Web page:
Equally of annoyance, one slight wrong move will end your day in complete failure, steamrolled by a rolling Robocop or falling from a height that was just slightly too high. More often than not this starts a run of failures as you helplessly watch your deadline date loom. This chase feels akin to gambling, as you then become your worst enemy, pursuing your previous failures in a bid to break even.

Once you’ve obtained the hacking skill you can start to work on the more lucrative task of hacking the analogue computers. This is where your cash figure satisfyingly increases to £££’s, but it’s all relative as your next upgrades now demands a bag load of cash to unlock. After a few successful robberies it’s time to move on-wards to the Warehouse District, where the awards are increased along with the security which defends them.

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There is enough skill trees available to make you think about your next step, whether it be the ability to double jump, hack front doors or drop timed explosives to remove some of those unobtainable rooms. The cost of these increases massively at each stage, so you always feel the benefit a skill provides, it is a big effort on your part to level up your character, but well worth the investment.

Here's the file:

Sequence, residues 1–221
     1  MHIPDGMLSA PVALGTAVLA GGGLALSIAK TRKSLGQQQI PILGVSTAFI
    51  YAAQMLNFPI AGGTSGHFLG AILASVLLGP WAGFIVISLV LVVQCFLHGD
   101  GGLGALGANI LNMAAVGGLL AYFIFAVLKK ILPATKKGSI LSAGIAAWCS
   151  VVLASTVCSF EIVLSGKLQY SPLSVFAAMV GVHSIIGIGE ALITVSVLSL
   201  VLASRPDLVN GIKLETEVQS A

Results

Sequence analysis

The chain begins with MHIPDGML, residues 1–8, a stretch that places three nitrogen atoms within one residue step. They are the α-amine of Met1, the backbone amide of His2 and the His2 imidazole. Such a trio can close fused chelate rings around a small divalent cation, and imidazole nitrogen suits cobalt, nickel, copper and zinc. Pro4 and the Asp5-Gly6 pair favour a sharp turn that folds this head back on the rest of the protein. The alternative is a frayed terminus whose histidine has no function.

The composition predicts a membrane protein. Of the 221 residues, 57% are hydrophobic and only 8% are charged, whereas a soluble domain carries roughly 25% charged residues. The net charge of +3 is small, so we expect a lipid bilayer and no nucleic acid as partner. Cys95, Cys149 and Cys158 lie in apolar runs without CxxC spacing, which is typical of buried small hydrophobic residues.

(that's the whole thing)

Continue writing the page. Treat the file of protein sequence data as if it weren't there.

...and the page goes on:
The graphics of the Swindle does suit the style it’s meant to portray, it’s never going to be ground-breaking or pushing the PS4’s capabilities so I wonder if it would be more suited to a PS Vita. The controls seem tight enough but my worry there is the small screen size may make the errors of judgment increase triple fold either by falling off the side of the building, setting off one of the camera’s or falling foul to the mines.